I suspect that most caregivers experience “guilt” as their bosom buddy. I would be hard pressed to find anyone caring for a chronically ill or aging family member who is not having an ongoing experience with this emotion. For most of us, guilt is a relentless voice in our head that renders us helpless and out of touch with ourselves. It can swallow us up and leave us wondering if we are doing enough or if we have failed in some way.
I am a Geriatric Care Manager who works with seniors and families and I have witnessed the conflict that guilt precipitates as family members wrestle with difficult decisions for a loved one. Guilt often renders people unable to make decisions or to see the reality of the situation clearly. In response to this personal and family “guilt” dynamic, I have developed an interactive workshop to help individuals define guilt; to understand guilt and recognize how it manifests itself in our lives.
Who Takes The Guilt Trip?
We all take the guilt trip at some point in our lives. The seeds of guilt are planted in our psyche early in life. Parents teach us the difference between right and wrong and, as we develop our superego, guilt inevitably becomes an integral part of our hard wiring. Often, a parent’s disciplinary process leads a young child to develop a means of judging themselves and these internalized voices inform all future development. Guilt is not intrinsically bad — think of it as you might think of fire. Fire can warm your home and cook your food, but it can also generate great destruction. Guilt is not necessarily good or bad, it is just one of the components of being human. If you understand guilt, you can accept it and then you can transcend it!
The “guilt” dialogue that we hear in our heads can be thought of as a method we develop to protect ourselves. As we try to do the “right thing” in situations, we are also trying to demonstrate care. In the process, we are attempting to avoid the judgment of our parents or in some cases of God. The feelings generated in childhood often parlay a substantial reaction of doubt, and fear. We do not know where these feelings come from, or exactly what they are, but we experience the extreme visceral response that we know as fear, self doubt, and the inability to judge our own current situation realistically. Sometimes, we collapse under the weight of our emotions. Our adult “observing self”, which is also known as Witness Consciousness, is rendered helpless.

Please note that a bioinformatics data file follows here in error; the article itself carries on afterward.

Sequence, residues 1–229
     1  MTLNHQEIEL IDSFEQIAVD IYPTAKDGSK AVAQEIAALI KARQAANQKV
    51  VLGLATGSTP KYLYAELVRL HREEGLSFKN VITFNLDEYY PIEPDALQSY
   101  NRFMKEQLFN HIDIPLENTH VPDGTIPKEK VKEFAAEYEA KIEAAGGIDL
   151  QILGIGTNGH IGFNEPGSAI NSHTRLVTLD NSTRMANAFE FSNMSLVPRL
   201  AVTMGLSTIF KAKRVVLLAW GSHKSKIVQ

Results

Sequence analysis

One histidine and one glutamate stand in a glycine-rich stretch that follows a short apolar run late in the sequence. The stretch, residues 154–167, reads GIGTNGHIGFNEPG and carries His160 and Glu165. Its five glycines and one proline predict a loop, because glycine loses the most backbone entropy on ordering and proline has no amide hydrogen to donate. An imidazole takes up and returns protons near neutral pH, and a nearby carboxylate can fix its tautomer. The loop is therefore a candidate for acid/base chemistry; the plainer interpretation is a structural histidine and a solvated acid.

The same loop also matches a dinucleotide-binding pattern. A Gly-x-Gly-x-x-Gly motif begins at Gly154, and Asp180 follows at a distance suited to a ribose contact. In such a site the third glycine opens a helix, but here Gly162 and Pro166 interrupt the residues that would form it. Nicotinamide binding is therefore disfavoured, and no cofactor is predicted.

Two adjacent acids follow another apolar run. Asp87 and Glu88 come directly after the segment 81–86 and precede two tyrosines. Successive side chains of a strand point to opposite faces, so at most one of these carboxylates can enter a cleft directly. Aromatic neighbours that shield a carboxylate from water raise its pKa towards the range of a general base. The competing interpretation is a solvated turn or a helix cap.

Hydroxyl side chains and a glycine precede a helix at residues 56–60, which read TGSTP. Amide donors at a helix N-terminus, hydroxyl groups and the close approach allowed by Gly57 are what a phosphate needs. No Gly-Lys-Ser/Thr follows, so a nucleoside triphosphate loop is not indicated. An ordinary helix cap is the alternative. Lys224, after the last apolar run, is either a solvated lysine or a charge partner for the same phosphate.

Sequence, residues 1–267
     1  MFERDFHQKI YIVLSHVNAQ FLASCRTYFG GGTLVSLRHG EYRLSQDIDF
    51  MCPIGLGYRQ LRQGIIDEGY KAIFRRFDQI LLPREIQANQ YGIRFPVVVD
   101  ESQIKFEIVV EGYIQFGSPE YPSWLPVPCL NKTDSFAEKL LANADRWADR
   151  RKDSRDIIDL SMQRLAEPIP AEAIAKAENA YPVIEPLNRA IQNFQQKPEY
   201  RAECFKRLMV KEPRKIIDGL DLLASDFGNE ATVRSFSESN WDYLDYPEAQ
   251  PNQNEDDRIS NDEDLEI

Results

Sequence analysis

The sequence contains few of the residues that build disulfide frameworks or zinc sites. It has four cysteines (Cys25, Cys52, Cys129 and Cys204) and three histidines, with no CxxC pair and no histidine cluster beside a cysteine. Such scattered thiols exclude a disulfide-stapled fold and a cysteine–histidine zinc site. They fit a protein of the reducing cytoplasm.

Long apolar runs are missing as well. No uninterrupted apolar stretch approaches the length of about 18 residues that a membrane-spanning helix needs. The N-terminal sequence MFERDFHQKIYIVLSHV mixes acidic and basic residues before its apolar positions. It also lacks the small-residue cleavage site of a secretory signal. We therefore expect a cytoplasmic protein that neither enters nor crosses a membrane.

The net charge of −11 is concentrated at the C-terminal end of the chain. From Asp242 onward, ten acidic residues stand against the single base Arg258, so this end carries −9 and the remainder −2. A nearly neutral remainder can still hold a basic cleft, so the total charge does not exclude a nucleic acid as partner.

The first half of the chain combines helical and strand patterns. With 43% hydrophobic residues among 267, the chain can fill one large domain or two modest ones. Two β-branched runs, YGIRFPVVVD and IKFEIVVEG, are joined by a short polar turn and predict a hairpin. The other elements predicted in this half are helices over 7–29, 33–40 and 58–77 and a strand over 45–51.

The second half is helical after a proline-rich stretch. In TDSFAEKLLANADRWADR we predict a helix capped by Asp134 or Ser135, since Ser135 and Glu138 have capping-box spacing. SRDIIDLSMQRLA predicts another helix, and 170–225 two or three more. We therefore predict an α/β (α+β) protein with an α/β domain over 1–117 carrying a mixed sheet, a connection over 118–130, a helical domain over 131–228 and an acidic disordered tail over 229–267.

Guilt: Not A Destination, but A Journey
I believe there is a misconception that guilt can simply go away. The purpose of “The Guilt Trip” workshop is to provide individuals with the tools to recognize how guilt works and to reveal its intricacies. We come to understand that guilt is a cover-up of the fear that is below the surface. The choice is to let “guilt” go or to organize our lives to prevent anything that would precipitate the guilt experience. So, for example, a caregiver avoids making the tough decisions such as placing their loved one in a facility to avoid their own emotional upset. Regardless of the needs of the senior, many caregivers can not facilitate the changes that are necessary based upon their loved one’s current health status. A crisis is right around the corner, but the caregiver’s own emotional reality renders them helpless.
Guilt does not go away. Most of us will find it lurking around the corner especially when we are caring for someone we love. But, what is available to us is the opportunity to see how it works, what it does, and its consequences while realizing that it is not who we are. Once we learn how to separate who we are from these feelings, we become aware of what we face as an observing adult. Only then do we have the capacity to intercede and take the difficult steps necessary to support our loved one with compassion and the knowledge that we are doing the right thing.
I invite you to be my guest at the upcoming “The Guilt Trip” workshop at Atria Center City. Please RSVP directly to our gracious hosts:
Atria Center City, 150 N. 20th St., Philadelphia, PA 19103
Thurs., March 27, 2014 from 5:30 – 7:30 p.m.
RSVP by Weds., March 19th
Call: Lisa Pflaumer: (215)564-5455 or
Mark these future workshops on your calendar. Details to follow:
The Solana Willistown, 1713 West Chester Pike, Willistown, PA 19382
Weds., April 23, 2014 from 5:30 – 7:30 p.m.
Freedom Village at Brandywine, 15 Freedom Boulevard, West Brandywine, PA 19320
Sat., May 17, 2014 from 11a.m. – 1p.m.
Beverly Bernstein Joie, MS
Founder and President, Complete Care Strategies